The great mosque of Damascus was built on the site of a Christian basilica, erected by Theodosius in 395-408. From 636, when the Arabs conquered Damascus, until 708 this basilica was used jointly both by the Christians and the Moslems. The basilica was then pulled down, and the present mosque built by the caliph Walíd. It has the normal plan, and is 508 feet by 320 feet. Its sanctuary is only three aisles deep; it has a central dome on the south or Mecca side, and on the east and west a large porch. Samhúdi records that one of the conditions of peace concluded between the Byzantine emperor and Walíd was that the emperor should furnish a certain number of workers in mosaic for the decoration of the mosques at Mecca, Medina, Jerusalem, and Damascus.

The mosque of Aḥmed Ibn Ṭúlún, in Cairo, completed in 879, has the normal plan, with the exceptional addition of an outer court, or wide passage, running round three sides of the rectangle,— probably to cut it off completely from the noise of the surrounding streets. It is built of brick, coated with delicate reliefs in stucco, once enriched with painting. The Miḥráb has beautiful mosaics, and the Mimbar is a marvel of delicate carving and inlay. The pillars and arches are of brick enriched with elaborate stucco-work. It has a very remarkable minaret on the west side, with a spiral external staircase. The architect was a Copt, an Egyptian Christian. It is perhaps the earliest important building in which the pointed arch is largely used.

The mosque Al-Azhar, “The Splendid,” was built in the centre of New Cairo about 970 and, though frequently restored, has in the main been little altered. It is on the normal plan, with ranges of pointed and slightly horse-shoe arches, supported on more than 400 fine antique columns of marble and porphyry, chiefly from Roman buildings. Among its later decorations are magnificent wall-coverings of the most beautiful Persian tiles. It has a special interest in being the chief university of the Moslem world, containing some thousands of students (mujáwirín), for whom certain parts of the mosque (Riwáḳ) are screened off, according to the country from which they come. Thus special parts are reserved for natives of the various provinces of Egypt, of Morocco, Syria, Arabia, India, Turkey, &c. Each student can, if he is too poor to hire lodgings, live, eat, and sleep in the mosque. Each has a large chest in which to keep his clothes and books; these are piled against the walls to a height of seven or eight feet. The students pay no fees, but the richer ones give presents to the lecturers, who sit on the matting in various parts of the sanctuary or cloister, while the students sit round each lecturer in a circle. The usual course of study lasts for three years, though some students remain for much longer. The chief of the lecturers, called the Sheikh al-Azhar, receives about £100 a year, the others little or nothing, as regular pay. The Koran, sacred and secular law, logic, poetry, and arithmetic, with some medicine and geography, are the chief subjects of study.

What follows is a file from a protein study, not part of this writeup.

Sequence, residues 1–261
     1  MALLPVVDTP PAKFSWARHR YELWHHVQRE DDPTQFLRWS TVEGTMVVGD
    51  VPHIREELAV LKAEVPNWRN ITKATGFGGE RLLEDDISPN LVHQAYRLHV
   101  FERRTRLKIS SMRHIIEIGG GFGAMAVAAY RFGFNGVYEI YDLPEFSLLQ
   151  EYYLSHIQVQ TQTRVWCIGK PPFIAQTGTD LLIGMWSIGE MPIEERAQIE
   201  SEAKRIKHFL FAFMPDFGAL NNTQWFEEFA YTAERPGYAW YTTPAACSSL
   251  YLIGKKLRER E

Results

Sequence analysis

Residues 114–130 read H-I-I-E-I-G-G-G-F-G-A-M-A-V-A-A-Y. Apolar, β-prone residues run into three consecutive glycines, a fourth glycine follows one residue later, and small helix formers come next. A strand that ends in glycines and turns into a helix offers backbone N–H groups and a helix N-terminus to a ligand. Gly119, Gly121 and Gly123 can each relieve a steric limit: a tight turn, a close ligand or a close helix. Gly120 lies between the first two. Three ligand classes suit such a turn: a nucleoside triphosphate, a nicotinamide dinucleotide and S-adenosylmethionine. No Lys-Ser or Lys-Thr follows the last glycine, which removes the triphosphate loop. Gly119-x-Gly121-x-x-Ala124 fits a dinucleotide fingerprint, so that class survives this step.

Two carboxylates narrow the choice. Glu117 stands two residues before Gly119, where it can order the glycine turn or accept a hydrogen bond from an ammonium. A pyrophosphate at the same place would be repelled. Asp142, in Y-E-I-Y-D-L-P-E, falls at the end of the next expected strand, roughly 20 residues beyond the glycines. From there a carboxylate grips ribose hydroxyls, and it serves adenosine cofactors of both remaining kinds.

Of mosques which are not built on the normal plan the earliest and most important are the two in the Ḥarám al-Sherif (High Sanctuary) at Jerusalem (see vol. xiii. p. 642).

The Kubbet al-Sakhra (Dome of the Rock), popularly, but wrongly, called the “Mosque of Omar,” is not, strictly speaking, a mosque at all. It belongs rather to the class of “shrines,”—generally small square, circular, or octagonal buildings erected over some sacred spot or tomb. It is a very beautiful building, with high central dome, and double ambulatory round it,—the outer wall being octagonal, and the dome, with the pillars that carry it, circular in plan. It is decorated in a very sumptuous way by inlay of rich marbles and very splendid glass mosaics. The outer wall and most of the internal mosaics are later than the dome itself. Its windows of mosaic-like stained glass are very beautiful, and are almost the only

Moslem example of the use of lead “cames,” instead of the bits of glass being fitted into marble or stucco tracery; this, as well as the glass wall-mosaics, was probably the work of Byzantine artificers.[5]

The mosque within the same enclosure, called Al-Aḳṣá, is entirely roofed, with many aisles and columns, having no open court, quite unlike the usual arrangement of a mosque.

The finest and largest group of mosques is at Cairo. Many of them are very complicated buildings, with no resemblance to the normal plan before described. In some cases a hospital, a school, a court of justice, a monastery, or very frequently a tomb, forms part of the building, and causes considerable modifications in its plan.

Fig. 2.—Plan of Mosque of Sultan Hasan, Cairo.
1, 2. Main entrance. 3. Court open to sky. 4, 5. Fountains. 6, 6. North and south vaulted transepts (the dotted lines show the curve of the vault). 8, 9. Dakka. 10. Sanctuary. 11. Mimbar. 12. Ḳibla. 13. Door to tomb. 14. Domed tomb-chamber. 15. Tomb within screen. 16. Ḳibla. 17, 17. Minarets. 18, 19, 20. Various entrances to mosque. 21. Small rooms connected with service of the mosque. 22. Sultan's private entrance.